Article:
Philanthropy has a responsibility to respond to the inequalities revealed by COVID-19 and graphically underlined by the killing of George Floyd.
Many philanthropies have listened to their grantees and are already offering no cost extensions and meeting unexpected operational costs. Others are increasing spend and contributing to pooled funds for particularly impacted groups.
However, philanthropy must avoid spending too much time on the urgent while ignoring the strategically important. Now is the time to move beyond crisis response to grasp the opportunities for systemic change.
Build back better
Graffiti on an apartment block in Santiago, Chile, sums up the challenge – No volveremos a la normalidad, porque la normalidad era el problema (‘We won’t go back to normal because normal was the problem’).
The pandemic is holding up a mirror to our world. Those most vulnerable are poor people. The majority of ‘essential’ workers are low paid, under-valued and often of migrant background. People from black and minority ethnic communities are disproportionality among the dying. That’s the wider structural context in which Mr Floyd’s killing should be viewed.
We’ve seen that the homeless can be housed if governments see rough-sleeping as a health risk. Public money can be found to build hospitals quickly. What is deemed ‘common sense’ can be turned on its head given determined political leadership. The Obama mantra of ‘Yes we can’ is resounding through societies where such leadership is being exercised.
Philanthropy should embrace the same approach. What does a fairer more compassionate world look like? How do we get there? It’s time for more ambitious objectives.
The old problems that need new questions asked of them include the impact of deepening inequalities; structural racism, the climate emergency; creeping political authoritarianism; and a geo-political order that privileges militarised security over human security. Choices need to be made. There is power in supporting activism that sparks people to make choices.
In April 2020, UN Secretary General Guterres made a powerful call to put people centre stage, preparing the ground now to emerge with more equitable and sustainable societies, development and peace.
Human security must also be placed in the context of a sustainable world. COVID-19 may be wreaking havoc but it will likely be less harmful than the climate emergency. Any stimulus plan to address the emergency should link publicly funded bail-outs to climate and ecological resilience. It should prioritise building community wealth over individual wealth.
The role of philanthropy
So where should philanthropy be putting its resources? There are multiple options.
It should be supporting local community action and the infrastructure that enables people to make change. Investments should ensure that the people who need the change most are at the forefront of setting the agenda. Particular attention must be paid to young people, women, indigenous people, black, and minority ethnic communities, and those who are excluded, seeking out those who are not normally at the table, and resourcing them directly.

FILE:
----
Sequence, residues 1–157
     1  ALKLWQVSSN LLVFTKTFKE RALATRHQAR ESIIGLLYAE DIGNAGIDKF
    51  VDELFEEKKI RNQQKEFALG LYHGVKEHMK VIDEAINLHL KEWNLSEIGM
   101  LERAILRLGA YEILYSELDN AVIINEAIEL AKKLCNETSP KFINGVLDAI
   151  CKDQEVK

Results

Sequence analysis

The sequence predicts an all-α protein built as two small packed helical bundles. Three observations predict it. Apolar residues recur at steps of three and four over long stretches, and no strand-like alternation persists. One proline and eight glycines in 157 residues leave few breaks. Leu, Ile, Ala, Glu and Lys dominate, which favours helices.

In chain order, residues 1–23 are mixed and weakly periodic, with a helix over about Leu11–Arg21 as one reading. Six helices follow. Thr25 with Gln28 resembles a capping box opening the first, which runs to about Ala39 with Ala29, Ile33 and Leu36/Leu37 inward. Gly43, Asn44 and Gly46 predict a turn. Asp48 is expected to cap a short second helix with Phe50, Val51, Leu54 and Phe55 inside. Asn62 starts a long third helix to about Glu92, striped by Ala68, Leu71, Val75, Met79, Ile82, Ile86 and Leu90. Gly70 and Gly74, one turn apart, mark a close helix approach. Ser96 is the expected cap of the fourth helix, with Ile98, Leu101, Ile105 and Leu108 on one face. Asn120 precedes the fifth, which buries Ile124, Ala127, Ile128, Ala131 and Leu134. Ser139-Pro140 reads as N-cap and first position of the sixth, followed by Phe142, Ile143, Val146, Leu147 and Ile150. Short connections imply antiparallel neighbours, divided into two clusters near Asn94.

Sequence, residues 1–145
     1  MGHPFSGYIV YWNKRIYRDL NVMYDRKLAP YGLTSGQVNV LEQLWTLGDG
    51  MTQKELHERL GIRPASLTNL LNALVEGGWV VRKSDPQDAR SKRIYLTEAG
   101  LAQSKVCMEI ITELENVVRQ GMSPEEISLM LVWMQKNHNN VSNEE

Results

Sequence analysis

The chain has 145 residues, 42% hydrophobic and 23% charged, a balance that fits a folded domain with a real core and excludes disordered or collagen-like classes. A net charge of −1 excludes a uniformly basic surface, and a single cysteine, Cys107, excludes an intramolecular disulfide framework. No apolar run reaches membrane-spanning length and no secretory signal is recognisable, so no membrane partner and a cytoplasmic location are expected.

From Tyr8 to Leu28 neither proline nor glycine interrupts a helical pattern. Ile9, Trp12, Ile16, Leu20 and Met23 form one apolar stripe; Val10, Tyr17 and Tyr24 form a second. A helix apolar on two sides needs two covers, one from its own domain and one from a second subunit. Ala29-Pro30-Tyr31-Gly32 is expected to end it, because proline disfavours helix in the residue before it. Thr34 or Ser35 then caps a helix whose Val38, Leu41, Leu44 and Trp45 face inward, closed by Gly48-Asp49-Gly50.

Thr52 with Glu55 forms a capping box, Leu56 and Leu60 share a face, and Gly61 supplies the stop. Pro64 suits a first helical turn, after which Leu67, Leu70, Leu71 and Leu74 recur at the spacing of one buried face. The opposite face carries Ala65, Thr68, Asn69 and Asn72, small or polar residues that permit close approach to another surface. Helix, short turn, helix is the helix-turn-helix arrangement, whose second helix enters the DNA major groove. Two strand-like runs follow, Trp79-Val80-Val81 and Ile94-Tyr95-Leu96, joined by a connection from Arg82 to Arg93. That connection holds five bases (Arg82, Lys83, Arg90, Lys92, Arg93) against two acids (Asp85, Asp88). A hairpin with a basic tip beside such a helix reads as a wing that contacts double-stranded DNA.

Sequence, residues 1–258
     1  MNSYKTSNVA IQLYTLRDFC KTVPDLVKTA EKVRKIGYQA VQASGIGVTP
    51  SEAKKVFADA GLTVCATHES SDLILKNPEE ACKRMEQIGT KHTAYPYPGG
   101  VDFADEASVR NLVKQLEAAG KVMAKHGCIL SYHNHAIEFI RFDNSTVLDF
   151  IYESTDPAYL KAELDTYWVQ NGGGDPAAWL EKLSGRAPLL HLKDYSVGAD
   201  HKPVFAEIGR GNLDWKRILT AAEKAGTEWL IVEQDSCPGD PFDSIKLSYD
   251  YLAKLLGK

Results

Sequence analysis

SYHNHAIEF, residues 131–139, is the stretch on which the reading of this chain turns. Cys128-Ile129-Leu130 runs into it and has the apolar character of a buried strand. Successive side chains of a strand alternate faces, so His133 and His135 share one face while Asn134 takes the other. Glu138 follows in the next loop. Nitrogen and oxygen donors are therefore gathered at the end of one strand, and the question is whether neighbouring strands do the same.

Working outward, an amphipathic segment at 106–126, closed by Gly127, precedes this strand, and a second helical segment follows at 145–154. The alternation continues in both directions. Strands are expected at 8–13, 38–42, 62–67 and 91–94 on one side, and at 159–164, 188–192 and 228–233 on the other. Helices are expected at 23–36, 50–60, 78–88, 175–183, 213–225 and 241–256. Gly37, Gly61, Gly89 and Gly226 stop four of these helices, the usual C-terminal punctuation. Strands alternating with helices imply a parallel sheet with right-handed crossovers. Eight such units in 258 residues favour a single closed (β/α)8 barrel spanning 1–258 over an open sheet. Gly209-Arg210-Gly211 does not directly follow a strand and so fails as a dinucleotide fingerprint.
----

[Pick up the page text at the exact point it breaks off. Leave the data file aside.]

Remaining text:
Philanthropy can also resource people to think through what the new normal should look like. Policies such as Universal Basic Income and Green New Deal can deliver a fairer, more sustainable world. The current stratospheric levels of inequality must be addressed. We need to invest in new ideas and solutions to old problems.
Philanthropy should invest in shaping the public narrative on the need for change. For example, the new awareness of who are ‘essential’ workers demonstrates our reliance on migrant workers. This allows us to shift public discourse to highlight our interdependence. A narrative rooted in social and economic rights that protect human dignity and security should replace that of untrammelled economic growth. Naming structural racism and systemic inequality and putting resources in community led advocacy must be key to any response.
The stories that we tell of these days must celebrate people from all backgrounds and ethnicities who did what they do best – care and cater for others. They must not remain under-valued and under-paid. Philanthropy must ensure that the common-sense narrative of the next period sees systemic change as not just possible but achievable. This requires investment in social movements and activists, but also in the ability to hold power to account. Now is the time for investment in public advocacy, independent media and in greater accountability and transparency around public spending.
When old problems need new questions asked of them, philanthropy is well placed to under-write the process. Cutting-edge philanthropy has helped people come through the worst of times, it can now work collaboratively to help envisage and pilot what Building Back Better means in practice.
Avila Kilmurray and Martin O’Brien are based in Belfast, Northern Ireland where they work with the Social Change Initiative. Previously Martin was Senior Vice President at the Atlantic Philanthropies and Avila led the Community Foundation for Northern Ireland.